City engineers put together a short presentation to explore four options.
The first two options would involve a complete or partial overhaul of the gate and valve system, to restore flow to one or more of the ponds. But those two options would require homeowners living next to ponds to operate the gates as needed to control water levels and prevent flooding of private property.
Not only are these two options expensive, but they also create the risk that a homeowner might not open or close the gates and valves at the right time, causing flood damage or erosion on neighboring properties.
Plus, the homeowners would have to plan to maintain or replace moving parts of the system in the future. Owners would also be wise to purchase insurance, if available, to cover costs in the event of a natural disaster, fire, or other unpredictable risks.
Let’s look at the other two options: aeration of the ponds or filling in the creek and ponds to create dry detention basins.
Aeration appears to be the least expensive option. But it’s important to understand that pumps and fountains wear out every several years, and need to be replaced. They also require a power source to keep them running continuously, and homeowners would end up paying the electric bills.
Who will treat the ponds with chemicals? Chances are, neighbors would have to pay a lake or pond maintenance service for this task, also adding to maintenance costs. And if homeowners don’t cooperate by keeping leaves and grass clippings out of the water, they’ll need to pay for occasional raking or dredging to remove built-up debris.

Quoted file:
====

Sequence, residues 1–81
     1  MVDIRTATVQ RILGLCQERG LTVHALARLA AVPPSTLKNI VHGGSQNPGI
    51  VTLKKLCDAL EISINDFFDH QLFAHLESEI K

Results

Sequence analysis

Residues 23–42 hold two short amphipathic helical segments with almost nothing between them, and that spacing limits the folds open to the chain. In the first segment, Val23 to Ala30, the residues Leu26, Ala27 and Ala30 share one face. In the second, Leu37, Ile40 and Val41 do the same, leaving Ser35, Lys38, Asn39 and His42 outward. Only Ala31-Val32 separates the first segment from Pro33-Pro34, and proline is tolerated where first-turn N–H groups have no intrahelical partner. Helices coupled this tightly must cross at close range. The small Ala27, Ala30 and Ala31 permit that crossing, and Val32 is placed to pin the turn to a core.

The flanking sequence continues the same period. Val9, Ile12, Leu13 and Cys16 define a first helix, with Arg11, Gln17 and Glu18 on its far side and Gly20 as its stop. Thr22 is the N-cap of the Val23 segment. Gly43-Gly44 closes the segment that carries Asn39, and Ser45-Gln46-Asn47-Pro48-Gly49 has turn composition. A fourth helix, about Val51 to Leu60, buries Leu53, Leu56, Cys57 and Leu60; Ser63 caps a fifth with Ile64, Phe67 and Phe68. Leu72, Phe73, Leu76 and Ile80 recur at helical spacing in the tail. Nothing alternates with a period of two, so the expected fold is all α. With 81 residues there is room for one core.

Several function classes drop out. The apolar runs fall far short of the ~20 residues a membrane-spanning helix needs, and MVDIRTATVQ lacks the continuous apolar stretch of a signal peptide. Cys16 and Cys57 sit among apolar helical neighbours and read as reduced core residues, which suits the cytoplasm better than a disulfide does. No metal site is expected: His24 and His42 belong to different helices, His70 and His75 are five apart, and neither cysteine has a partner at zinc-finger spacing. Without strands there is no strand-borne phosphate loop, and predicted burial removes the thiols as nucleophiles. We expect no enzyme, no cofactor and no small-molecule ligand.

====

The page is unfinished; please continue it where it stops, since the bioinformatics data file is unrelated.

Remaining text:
Some homeowners may worry about environmental contamination from application of chemicals, especially if not applied carefully.
Dry detention requires significant up-front costs, because contractors would have to haul in a lot of dirt to fill in the creek and ponds. To prevent erosion, the infilled areas would have to be planted with grass or other suitable ground covers.
Future maintenance would require only occasional mowing, and removal of litter or debris. No chemical treatments. No expensive equipment to operate or maintain. Over the long term, dry detention is likely to be the least costly option.
Dry vs. wet detention ponds for storm water management
Assuming that either choice is an environmentally acceptable alternative for The Dell, homeowners must make an important decision. Should they go “wet” or “dry?”
Reviewing all four options in the image below, we can see why some real estate developers prefer wet detention vs. dry detention: it often costs less to build wet ponds and channels than dry detention.
Also, in some cases, wet ponds are mandated by local environmental agencies, to separate toxins in storm water from the groundwater supply. (See references below for more information.)
Whatever he reason for installing wet stormwater ponds, home builders often use the strategy of selling home buyers on “water view” lots at higher prices.
Of course, under these circumstances, many homeowners at The Dell may no longer consider their water view to be an added benefit!
Here’s the issue for homeowners, including those living in The Dell: the cost of ongoing maintenance is much higher for wet ponds and creeks vs. dry detention channels and basins.
But, in real life, if homeowners don’t cooperate and coordinate their time, energy, and investment in clear, free-flowing water ways, they’re bound to see repeat failure of the system in a decade or two.
Here’s hoping that Wichita and homeowners at The Dell can work harmoniously together to get rid of the stench and future maintenance headaches.
EPA Stormwater Wet Pond and Wetland Management Guidebook
Dry Detention Ponds (EPA.gov)
You must be logged in to post a comment.